June 29, 2018 The EPA and Army Corps issue a supplemental notice of proposed rulemaking to the July 2017 proposal to repeal the 2015 Clean Water Rule, defining “waters of the United States.” The supplemental notice clarifies that the agencies propose to permanently repeal the entire Clean Water Rule and put the pre-2015 regulations back in place while they finalize a new definition of “waters of the United States.” The agencies have opened a comment period to seek additional comments on the decision to repeal the Clean Water Rule and restore pre-2015 regulations as well as the legal basis for the Clean Water Rule. The comment period opened on July 12, 2018 and ended on Aug. 13, 2018.

Aug. 13, 2018 Twelve state attorneys general submit comments on the supplemental notice of proposed rulemaking that proposed to repeal the Clean Water Rule and put the pre-2015 regulations back in place while the new rule is finalized. The comments express strong support for maintaining the Clean Water Rule and not repealing it.

Aug. 16, 2018 The U.S. District Court for the District of South Carolina enjoins the delay of the Clean Water Rule implementation for failure to comply with the Administrative Procedure Act. This decision means that the Clean Water Rule is in effect in 26 states where federal district court judges have not stayed it.

Sep. 12, 2018 The U.S. District Court for the Southern District of Texas enjoins the implementation of the Clean Water Rule in Texas, Louisiana, and Mississippi to limit the application of the rule after the ruling by the U.S. District Court for the District of South Carolina in August.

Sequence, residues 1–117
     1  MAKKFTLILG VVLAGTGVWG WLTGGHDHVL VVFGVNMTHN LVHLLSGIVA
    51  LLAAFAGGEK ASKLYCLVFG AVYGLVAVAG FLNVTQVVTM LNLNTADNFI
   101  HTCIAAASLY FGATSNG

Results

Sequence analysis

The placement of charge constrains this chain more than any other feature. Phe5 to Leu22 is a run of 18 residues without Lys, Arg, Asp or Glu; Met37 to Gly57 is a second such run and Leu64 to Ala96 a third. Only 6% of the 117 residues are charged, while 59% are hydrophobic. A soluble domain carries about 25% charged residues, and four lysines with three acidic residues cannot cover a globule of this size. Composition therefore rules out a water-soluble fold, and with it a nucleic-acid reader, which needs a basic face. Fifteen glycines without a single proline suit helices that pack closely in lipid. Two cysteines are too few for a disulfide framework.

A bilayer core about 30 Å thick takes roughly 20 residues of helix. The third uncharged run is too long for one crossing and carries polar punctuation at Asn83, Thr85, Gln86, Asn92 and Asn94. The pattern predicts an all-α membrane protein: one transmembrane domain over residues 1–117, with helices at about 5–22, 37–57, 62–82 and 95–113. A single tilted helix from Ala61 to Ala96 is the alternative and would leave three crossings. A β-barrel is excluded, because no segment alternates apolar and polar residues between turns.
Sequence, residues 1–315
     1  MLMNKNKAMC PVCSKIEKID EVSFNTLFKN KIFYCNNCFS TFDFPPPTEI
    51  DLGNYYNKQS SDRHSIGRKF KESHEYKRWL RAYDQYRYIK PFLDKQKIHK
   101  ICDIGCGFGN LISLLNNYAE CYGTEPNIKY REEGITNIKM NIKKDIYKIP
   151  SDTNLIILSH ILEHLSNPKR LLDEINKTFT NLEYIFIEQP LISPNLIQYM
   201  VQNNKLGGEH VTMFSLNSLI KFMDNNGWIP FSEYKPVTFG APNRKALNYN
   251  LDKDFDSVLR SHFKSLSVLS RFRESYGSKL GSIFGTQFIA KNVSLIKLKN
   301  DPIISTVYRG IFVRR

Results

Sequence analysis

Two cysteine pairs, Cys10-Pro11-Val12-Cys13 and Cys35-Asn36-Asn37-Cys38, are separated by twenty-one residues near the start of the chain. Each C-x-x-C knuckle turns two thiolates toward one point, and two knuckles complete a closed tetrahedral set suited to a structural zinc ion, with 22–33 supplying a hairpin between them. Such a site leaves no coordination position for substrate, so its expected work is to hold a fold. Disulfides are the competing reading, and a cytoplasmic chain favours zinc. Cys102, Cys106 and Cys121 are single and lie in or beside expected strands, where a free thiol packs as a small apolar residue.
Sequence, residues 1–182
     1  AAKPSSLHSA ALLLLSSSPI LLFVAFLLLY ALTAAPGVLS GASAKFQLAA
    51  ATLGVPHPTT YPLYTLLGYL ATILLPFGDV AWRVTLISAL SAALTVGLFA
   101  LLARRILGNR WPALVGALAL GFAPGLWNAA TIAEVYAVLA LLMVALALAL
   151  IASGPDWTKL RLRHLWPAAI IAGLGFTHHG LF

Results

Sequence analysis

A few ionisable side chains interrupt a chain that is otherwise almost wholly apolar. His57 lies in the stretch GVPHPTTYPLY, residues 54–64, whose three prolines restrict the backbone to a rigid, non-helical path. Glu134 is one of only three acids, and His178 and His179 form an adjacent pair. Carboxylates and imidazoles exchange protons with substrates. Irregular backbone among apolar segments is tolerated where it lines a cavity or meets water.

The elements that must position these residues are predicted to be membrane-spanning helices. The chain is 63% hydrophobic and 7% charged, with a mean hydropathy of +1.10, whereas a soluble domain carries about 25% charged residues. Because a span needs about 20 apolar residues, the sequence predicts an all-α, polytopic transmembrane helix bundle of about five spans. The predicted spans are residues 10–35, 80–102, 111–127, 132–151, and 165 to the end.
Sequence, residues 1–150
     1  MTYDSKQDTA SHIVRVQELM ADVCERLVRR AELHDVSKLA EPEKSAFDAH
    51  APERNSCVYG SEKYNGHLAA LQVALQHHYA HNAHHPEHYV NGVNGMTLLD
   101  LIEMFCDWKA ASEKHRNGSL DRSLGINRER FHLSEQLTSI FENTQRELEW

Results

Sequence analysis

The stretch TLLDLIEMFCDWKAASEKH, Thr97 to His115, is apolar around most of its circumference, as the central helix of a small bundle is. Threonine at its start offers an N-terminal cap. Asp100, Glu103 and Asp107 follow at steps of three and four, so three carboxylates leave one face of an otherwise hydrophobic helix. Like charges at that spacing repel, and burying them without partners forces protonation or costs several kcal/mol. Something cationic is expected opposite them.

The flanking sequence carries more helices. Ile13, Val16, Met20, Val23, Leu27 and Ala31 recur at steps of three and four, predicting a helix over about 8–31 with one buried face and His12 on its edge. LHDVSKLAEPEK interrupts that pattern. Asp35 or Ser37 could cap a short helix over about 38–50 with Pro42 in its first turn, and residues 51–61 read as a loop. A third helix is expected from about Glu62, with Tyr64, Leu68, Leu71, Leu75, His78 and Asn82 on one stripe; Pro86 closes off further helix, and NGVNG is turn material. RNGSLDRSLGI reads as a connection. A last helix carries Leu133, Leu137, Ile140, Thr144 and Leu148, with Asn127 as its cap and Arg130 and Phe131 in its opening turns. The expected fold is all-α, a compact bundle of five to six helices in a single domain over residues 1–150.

Nov. 26, 2018 the United States District Court for the Western District of Washington holds that the EPA erred when it delayed the 2015 Clean Water Rule “without providing the public with a meaningful opportunity to comment.” Like the August 16 decision from the U.S. District Court in South Carolina, this ruling means the Clean Water Rule is in effect in those states where federal judges have not stayed it.

Dec. 11, 2018 EPA and Army Corps release the proposed rule revising the definition of “waters of the United States.” The definition determines which waters and wetlands are protected by the Clean Water Act’s permitting programs. The proposal seeks to limit the definition of “waters of the United States” as compared with the 2015 Clean Water Rule by excluding ephemeral waters that flow in response to rain and reducing the amount of protected wetlands. Publication in the Federal Register is pending.

Dec. 17, 2018 Senator Rand Paul of Kentucky introduces a bill to amend the Clean Water Act to define the term “waters of the U.S.” as only waters that are “navigable in fact” or have permanent, standing or continuously flowing water. The bill is an updated version of his 2015 “Defense of Environment and Property Act.” Co-sponsored by Senator Ted Cruz of Texas and Chuck Grassley of Iowa, the bill would go beyond the current EPA/Army Corps proposed rule that excludes ephemeral streams to exclude intermittent streams as well.

For More Information

See Save EPA’s WOTUS page as well as their page on the proposed two-year delay.